For one, brief shining moment last week, I thought Nancy Pelosi must be the bravest American politician of the century, standing up to her own nutball constituency in the interest of American political politesse. After all, when she tearfully told a press conference that the partisan bombast should be dialed down several notches lest it turn bloody — "I saw this myself in the late '70s in San Francisco, this kind of rhetoric . . . it created an environment in which violence took place" — she had to be talking about left-wing violence, right?
Because when you talk about political murder and mayhem in San Francisco 30 years ago, the trigger was almost always pulled or the cyanide Kool-Aid poured by a leftist. There were the revolutionary nihilists of the Symbionese Liberation Army, assassinating an Oakland school superintendent, kidnapping Patty Hearst and finally shotgunning an innocent bystander during a bank robbery.
There were the cop-killing drug dealers of the Black Panthers, who began murdering their own sympathizers to keep them quiet. And of course the Black Liberation Army, a Panther offshoot that bombed a church where a policeman's funeral was being held. We think it was the BLA, anyway; in San Francisco those days, you couldn't tell your bombers without a scorecard. The Weather Underground, the New World Liberation Front, the Revolutionary Army, they were all blowing something up on practically a weekly basis.
And who can forget Jim Jones and his communal cult that ended in an orgy of murder and mass suicide in 1978? Well, most Democrats can; otherwise, they have to explain why people like Rosalynn Carter, Walter Mondale and Jerry Brown were such enthusiastic supporters of Jones until his infamous Kool-Aid party.
But no, Pelosi wasn't thinking of any of those examples. Shortly after she quelled her theatrical sniffles, her spinmasters clarified that she was referring only to the 1978 murders of liberal politicians George Moscone and Harvey Milk by a conservative rival, Dan White, dramatized in last year's film Milk.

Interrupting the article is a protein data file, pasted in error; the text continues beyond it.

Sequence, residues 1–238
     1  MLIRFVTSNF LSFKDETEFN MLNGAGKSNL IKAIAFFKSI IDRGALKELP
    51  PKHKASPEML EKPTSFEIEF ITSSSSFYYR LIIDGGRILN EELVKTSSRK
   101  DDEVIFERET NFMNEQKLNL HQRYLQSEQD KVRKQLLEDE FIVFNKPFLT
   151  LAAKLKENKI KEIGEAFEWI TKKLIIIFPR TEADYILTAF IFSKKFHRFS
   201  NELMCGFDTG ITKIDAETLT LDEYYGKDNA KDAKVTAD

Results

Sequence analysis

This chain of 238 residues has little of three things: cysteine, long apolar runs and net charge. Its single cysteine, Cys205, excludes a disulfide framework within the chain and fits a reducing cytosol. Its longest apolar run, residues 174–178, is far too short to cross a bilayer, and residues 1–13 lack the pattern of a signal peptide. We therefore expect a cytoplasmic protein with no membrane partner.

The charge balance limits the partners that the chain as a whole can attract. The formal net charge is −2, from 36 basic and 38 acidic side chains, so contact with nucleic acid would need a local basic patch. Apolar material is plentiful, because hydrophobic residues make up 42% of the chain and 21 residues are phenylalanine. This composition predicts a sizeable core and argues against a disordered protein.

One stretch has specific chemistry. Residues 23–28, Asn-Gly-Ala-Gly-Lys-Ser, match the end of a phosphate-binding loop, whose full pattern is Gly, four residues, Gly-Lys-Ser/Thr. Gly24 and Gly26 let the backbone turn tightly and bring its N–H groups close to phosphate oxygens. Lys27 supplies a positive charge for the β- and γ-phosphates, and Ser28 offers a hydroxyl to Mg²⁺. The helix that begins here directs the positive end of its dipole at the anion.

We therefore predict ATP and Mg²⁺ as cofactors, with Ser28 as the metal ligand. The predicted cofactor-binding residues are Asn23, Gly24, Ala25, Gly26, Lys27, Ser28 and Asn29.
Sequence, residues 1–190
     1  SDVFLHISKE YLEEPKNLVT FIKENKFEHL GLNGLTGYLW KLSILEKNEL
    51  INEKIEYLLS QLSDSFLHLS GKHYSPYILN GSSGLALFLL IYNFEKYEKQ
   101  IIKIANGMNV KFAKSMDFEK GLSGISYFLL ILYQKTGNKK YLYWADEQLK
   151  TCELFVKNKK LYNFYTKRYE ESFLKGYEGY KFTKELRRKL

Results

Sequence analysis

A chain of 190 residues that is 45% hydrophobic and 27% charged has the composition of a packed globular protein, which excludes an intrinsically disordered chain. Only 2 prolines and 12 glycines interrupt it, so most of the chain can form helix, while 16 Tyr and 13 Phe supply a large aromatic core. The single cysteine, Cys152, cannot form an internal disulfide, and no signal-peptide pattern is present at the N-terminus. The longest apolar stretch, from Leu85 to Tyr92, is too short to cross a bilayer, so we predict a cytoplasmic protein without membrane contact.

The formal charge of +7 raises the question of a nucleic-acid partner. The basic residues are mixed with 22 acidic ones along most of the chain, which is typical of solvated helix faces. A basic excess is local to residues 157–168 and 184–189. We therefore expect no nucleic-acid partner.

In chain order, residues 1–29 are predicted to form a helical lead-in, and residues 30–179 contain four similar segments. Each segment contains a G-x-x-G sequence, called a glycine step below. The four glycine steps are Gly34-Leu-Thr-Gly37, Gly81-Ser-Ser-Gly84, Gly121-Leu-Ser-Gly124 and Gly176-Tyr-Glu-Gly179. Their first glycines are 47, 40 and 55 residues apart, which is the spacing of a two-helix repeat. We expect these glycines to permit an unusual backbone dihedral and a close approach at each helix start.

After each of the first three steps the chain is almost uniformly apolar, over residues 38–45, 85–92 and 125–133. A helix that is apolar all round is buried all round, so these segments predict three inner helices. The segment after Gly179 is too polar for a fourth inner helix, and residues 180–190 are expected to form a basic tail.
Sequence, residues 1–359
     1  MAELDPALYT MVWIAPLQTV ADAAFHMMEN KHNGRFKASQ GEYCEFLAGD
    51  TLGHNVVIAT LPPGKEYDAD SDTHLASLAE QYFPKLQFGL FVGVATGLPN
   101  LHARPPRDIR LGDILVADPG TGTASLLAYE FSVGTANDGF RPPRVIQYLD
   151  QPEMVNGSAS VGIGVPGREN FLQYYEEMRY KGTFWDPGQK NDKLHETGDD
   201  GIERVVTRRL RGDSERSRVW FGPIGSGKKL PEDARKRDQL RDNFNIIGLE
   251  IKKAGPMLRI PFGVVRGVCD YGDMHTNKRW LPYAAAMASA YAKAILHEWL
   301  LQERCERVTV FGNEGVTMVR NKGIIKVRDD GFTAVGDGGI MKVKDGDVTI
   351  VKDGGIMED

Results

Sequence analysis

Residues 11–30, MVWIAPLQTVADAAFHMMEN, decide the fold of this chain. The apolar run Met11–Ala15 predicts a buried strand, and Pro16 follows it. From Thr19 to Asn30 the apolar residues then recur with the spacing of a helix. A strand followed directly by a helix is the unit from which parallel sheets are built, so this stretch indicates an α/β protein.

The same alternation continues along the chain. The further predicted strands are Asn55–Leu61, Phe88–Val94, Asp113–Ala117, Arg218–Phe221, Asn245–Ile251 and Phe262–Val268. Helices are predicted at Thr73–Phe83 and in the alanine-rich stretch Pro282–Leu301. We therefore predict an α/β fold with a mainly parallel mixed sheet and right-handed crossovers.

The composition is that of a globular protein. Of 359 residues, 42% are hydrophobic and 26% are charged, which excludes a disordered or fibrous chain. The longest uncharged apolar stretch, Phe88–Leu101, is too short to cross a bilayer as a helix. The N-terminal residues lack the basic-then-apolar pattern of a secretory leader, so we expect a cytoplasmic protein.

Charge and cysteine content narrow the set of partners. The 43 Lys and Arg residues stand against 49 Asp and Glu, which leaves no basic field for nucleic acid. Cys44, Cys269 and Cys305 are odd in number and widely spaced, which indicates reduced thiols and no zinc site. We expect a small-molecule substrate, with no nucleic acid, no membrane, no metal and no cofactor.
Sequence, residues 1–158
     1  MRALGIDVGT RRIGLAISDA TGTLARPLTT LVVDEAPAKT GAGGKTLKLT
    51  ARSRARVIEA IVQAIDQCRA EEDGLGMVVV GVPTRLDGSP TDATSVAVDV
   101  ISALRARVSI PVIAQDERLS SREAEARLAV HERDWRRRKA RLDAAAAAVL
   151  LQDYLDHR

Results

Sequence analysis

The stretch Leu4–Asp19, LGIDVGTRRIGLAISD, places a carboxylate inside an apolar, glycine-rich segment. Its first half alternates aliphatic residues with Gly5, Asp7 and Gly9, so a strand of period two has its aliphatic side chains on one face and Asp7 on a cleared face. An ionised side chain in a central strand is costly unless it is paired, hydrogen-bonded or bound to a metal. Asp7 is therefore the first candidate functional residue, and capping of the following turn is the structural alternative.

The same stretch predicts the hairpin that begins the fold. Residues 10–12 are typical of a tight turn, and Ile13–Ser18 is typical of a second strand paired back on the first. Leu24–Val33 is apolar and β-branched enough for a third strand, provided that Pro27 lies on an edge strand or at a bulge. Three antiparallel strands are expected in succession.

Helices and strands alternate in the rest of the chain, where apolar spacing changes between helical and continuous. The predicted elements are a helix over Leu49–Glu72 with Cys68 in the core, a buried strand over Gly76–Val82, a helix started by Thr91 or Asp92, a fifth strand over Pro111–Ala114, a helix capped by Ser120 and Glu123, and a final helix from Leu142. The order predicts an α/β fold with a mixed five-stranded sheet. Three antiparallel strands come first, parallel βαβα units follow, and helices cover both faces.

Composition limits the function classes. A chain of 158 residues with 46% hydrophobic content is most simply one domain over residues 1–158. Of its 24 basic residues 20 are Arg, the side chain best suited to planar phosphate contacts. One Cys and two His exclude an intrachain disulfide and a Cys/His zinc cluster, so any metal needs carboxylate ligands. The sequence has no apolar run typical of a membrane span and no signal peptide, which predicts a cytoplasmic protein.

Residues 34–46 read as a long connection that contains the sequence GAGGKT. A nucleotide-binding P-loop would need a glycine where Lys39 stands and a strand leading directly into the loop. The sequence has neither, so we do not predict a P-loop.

Now that's the Pelosi I know: conveniently ignoring the corpses of literally hundreds of victims of organized left-wing violence while using two murders committed by an unbalanced (and, to be sure, evil) individual to make it sound like the San Francisco of the 1970s was a hellhole of right-wing terrorism. How silly of me to think she might, however briefly, have lapsed into intellectual honesty.
Unfortunately, Pelosi is alone in neither her equation of conservative politics with bloodlust nor her willingness to shade the truth to make her case. Lately, the favorite talking point of America's chattering classes has been that to oppose President Obama's economic policies is to court presidential assassination. MSNBC's Chris Matthews and the New York Times' Frank Rich have even gone so far as to say that it's happened before.
Rich compared the anti-Obama tea-party rallies to "the walk-up to the Kennedy assassination, [when] there was all this hate talk about Kennedy." Matthews chimed in that "the mood we're in right now" reminded of him of when "Jack Kennedy was killed in an open car in Dallas."
Neither Rich nor Matthews offered a plausible explanation of how right-wing hate could have triggered the death of Kennedy, killed by a Marxist who six weeks before the assassination was begging for visas from Cuba and the Soviet Union. There's no need. The idea that conservatives (especially Christian conservatives) are a homicidal mob eternally poised on the verge of bloodshed is an article of faith on the left.
Rich in particular has practically made a career of predicting mass murder by the right. He wrote column after column warning that Mel Gibson's movie The Passion of The Christ would touch off worldwide slaughter: "Its real tinder-box effect could be abroad, where anti-Semitism has metastasized since 9/11."
Five years later, we're still waiting for the first riot, just as we're still looking for the anti-Asian bloodshed that was certain to follow the 2001 film Pearl Harbor, which indelicately suggested the guys dropping the bombs that day were Japanese. Or the angry white male who was, we were repeatedly assured, behind the Washington Beltway sniper murders of 2002. (Actual killers: a pair of black Muslims.)
The unavoidable fact is that there is a rich history of violence on the fringes of both sides of the American political spectrum. The right, as liberals are fond of pointing out, has Timothy McVeigh and James Earl Ray. The left has the Puerto Rican nationalists who opened fire on the floor of Congress, animal-rights nuts and eco-terrorists. If Nancy Pelosi really sees trouble coming, she needs to look in both directions.